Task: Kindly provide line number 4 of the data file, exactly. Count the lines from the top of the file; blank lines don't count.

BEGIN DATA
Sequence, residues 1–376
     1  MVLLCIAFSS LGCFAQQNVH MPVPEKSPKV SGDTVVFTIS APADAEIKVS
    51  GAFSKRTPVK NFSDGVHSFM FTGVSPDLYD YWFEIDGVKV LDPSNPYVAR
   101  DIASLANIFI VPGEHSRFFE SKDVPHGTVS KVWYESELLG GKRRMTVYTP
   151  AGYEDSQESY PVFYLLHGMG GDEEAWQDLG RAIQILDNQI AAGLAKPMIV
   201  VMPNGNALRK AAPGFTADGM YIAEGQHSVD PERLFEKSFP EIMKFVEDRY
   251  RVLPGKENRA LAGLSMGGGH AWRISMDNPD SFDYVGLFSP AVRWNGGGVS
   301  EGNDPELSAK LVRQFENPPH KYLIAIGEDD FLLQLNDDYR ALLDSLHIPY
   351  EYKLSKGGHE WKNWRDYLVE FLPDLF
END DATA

   101  DIASLANIFI VPGEHSRFFE SKDVPHGTVS KVWYESELLG GKRRMTVYTP